Sketches of art, watercolor, photos, recipes, books, interviews, Jewish topics and Highland Park, New Jersey

Raritan River Liatris

September 1st, 2014 by

liatris by Raritan River, Donaldson Park
According to Wikipedia, there are many kinds of liatris. These purple flowers grow by the Raritan River at the edge of Donaldson Park, a large county park situated in Highland Park, New Jersey.

liatris donaldson park raritan river raining
Three weeks ago, when my daughter was in camp and I had a little more time, I went to Donaldson Park and took some photos. I took several of the Raritan River, such as this one with the tall, bare tree at the river bend. I really enjoyed the Raritan River liatris, the purple spikes bursting out of the sandy banks by the river.

liatris rainy day raritan river
It was raining that day, but not enough to get me soaked, despite the fact that I had not brought a raincoat.

liatris new brunswick raritan river donaldson park
In this photo, you can see a little of New Brunswick, New Jersey – that’s where some of Rutgers University resides. New Brunswick is more urban than Highland Park, but it is still small, especially compared to Philadelphia or New York City. Or Newark or Trenton. Actually, all you see is a bit of the bridge of the route 18 highway.

In other nature news, I started filling my bird feeder again (it got neglected as I paid more attention to my garden, but as I explained to my kids, only in the winter am I really concerned that the birds in our area need food to eat). I’ve seen blue jays, a cardinal and mostly lots of sparrows. Maybe soon I’ll have more bird photos.

For more Nature Notes:

Nature Notes

Historical Windows of Asbury, Shawangunks and Ocean Grove

August 24th, 2014 by

house near visitor center Sam's Point Shawangunks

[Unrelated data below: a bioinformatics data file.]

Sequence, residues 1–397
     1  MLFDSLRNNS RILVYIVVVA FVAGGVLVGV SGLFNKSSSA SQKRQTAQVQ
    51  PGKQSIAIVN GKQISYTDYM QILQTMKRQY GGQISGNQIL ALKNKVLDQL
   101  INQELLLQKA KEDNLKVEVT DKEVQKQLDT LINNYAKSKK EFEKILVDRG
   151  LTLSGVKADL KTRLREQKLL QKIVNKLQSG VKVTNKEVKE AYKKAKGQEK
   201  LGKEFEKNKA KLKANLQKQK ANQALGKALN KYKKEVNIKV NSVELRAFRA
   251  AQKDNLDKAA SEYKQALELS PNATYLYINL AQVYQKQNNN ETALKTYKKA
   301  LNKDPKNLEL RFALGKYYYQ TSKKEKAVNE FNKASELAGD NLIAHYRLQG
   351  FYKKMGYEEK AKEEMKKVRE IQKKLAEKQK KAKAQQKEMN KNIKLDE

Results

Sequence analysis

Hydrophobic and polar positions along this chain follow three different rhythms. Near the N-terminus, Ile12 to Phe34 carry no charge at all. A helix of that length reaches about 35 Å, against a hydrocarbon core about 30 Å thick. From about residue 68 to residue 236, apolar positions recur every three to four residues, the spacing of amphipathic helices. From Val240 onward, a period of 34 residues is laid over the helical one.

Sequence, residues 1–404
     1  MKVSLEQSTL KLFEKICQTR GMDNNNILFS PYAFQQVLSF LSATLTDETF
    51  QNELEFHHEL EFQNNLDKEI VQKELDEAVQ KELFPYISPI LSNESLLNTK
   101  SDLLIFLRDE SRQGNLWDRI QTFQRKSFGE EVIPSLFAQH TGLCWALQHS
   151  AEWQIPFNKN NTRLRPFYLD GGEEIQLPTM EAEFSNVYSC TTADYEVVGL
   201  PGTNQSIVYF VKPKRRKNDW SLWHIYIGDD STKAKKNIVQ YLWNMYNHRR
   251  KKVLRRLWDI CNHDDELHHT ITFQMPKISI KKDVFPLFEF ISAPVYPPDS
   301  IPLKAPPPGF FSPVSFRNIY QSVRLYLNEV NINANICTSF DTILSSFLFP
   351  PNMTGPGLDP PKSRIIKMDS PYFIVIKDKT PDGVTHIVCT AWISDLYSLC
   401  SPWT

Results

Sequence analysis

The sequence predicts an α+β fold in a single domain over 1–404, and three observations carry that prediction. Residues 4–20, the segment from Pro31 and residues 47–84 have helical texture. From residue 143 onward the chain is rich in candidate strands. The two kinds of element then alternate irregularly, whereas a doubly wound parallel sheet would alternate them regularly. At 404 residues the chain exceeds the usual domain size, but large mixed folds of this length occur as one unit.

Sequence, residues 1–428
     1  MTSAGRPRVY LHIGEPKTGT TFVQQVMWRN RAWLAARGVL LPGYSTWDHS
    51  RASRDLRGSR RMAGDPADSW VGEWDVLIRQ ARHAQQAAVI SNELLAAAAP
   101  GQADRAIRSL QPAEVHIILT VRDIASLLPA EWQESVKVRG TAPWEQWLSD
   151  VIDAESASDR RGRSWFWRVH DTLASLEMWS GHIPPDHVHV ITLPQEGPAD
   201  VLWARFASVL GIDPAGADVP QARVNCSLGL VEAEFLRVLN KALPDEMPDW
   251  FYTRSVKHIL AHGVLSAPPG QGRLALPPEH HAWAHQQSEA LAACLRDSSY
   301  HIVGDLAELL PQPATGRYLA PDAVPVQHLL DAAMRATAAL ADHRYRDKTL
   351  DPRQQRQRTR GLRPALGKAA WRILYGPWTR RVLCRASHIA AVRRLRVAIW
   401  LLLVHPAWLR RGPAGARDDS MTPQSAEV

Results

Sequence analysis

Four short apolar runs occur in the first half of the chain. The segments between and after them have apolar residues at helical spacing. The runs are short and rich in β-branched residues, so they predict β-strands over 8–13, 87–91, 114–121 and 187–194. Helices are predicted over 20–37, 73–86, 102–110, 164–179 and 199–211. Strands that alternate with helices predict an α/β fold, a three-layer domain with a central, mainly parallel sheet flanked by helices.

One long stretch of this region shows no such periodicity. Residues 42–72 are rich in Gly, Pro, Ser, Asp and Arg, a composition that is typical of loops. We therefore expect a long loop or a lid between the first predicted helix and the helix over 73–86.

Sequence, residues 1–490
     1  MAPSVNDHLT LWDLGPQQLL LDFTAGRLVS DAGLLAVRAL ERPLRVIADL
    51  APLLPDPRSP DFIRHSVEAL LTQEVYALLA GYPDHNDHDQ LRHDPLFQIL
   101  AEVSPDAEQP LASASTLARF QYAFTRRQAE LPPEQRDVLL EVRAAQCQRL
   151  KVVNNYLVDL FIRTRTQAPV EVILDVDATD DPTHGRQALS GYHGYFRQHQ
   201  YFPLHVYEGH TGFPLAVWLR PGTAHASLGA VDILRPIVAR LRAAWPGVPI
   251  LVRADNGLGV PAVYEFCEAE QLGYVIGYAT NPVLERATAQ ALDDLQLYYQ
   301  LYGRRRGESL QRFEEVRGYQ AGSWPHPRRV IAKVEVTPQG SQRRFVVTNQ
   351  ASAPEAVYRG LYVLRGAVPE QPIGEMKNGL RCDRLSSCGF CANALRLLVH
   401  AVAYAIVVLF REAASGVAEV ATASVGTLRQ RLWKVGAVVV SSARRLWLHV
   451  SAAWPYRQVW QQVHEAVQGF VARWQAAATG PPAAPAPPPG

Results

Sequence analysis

This old white house of wood was next to the visitor center on our hike in the Shawangunk Mountains. It looks like it might have once been a farmhouse. One hundred years ago this area was known for its berry pickers – hard to believe berry picking was once someone’s job. But I suppose in other parts of the world it still is.

Asbury Park, Paramount Theatre
If you visit Asbury Park, a prominent building is the Paramount Theatre. It is right on the beach, and a promenade boardwalk leads you from the theater to the old casino building. Lots of shops and restaurants have newly opened along the boardwalk. The theater (you can read its history here) was built back in 1927. Two years ago I posted Asbury Park: Pictorial History in Brief).

Ocean Grove, New Jersey
Finally, here’s a beach house with historical windows in Ocean Grove, New Jersey (I’m guessing that the original windows were replaced – these looks simpler than how I imagine windows once used to be). Ocean Grove is next to Asbury Park. It has a rather different history. It started out as a Methodist town – here is some history. My husband remembers when you were not allowed to ride your car in Ocean Grove on a Sunday. He would ride his bike to work at his job, and when he got to Ocean Grove he would get off his bike and walk it.